Some of the best connections I made were through volunteering for Lancaster Lit Fest, holding doors open, taking ticket stubs, etc., and I met some incredible writers, sat in on incredible readings, got to go to dinner with Tom Spanbauer. I also met my very good friend Sarah Hymas there – she edited my pamphlets with Red Squirrel Press for me and was one of the first people to ever take me seriously as a writer; she’s remained a very close friend. UCL was a bit different, as I was studying there part time, and living up north, so I’d just pop down every week for the seminar and come home.
You’ve since returned to the university, as Lecturer in Creative Writing at Liverpool John Moores. I’m aware that your students might be reading this interview – but here’s a cheeky one – as a writer, is it hard to practice what you preach?
I think teaching has really made me a better writer – I think when you first start writing you get praised, in school, and then if you’re OK and get something in a magazine or an anthology you might get people telling you you’re good. When you’re very young I think that it’s very easy to then become complacent and think you’ve made it – so I think maybe I started coasting a little bit – but if you’re asking a student to really consider that single word, or that line break, or what their poem is really trying to say, deep in the very heart of itself, then you have to take that kind of precise eye, and pedantic nature back into your own work as well.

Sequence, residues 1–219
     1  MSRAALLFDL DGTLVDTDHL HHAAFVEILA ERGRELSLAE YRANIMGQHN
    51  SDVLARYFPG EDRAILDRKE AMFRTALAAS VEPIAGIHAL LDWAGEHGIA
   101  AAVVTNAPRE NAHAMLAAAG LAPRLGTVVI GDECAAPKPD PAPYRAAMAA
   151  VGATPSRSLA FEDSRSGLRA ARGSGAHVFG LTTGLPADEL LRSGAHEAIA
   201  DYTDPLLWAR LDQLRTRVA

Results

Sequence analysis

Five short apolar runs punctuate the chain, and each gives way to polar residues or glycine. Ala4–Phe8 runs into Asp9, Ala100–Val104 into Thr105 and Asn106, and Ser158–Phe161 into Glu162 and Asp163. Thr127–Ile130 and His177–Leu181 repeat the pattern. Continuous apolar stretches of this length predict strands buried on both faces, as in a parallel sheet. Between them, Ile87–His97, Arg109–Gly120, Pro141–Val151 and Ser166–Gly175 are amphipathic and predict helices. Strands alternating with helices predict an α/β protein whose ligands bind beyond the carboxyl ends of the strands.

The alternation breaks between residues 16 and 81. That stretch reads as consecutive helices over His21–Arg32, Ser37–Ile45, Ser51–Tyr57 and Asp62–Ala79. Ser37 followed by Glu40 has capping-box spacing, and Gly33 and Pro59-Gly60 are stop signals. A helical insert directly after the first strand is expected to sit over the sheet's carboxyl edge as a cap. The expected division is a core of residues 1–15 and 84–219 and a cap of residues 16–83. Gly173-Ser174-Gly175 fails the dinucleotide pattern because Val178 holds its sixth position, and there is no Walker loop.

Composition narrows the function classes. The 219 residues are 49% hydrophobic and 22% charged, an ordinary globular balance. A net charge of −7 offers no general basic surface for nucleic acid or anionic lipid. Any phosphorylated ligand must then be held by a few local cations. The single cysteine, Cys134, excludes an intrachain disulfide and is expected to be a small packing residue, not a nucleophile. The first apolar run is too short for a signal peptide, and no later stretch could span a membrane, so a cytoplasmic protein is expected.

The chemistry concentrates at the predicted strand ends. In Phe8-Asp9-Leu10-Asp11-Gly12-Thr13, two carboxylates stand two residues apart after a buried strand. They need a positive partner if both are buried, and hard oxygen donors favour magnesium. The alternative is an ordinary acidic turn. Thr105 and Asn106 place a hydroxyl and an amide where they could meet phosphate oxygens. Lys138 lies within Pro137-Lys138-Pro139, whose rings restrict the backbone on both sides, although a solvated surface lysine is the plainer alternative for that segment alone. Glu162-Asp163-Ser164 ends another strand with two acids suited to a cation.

In a recent interview with The London Magazine, you described poetic development as a ‘long game’ – in the sense that you’re ‘still a young voice when you’re 40’. Did Physical mark a new direction from your earlier pamphlets, and do you see your work moving in a different direction after Physical?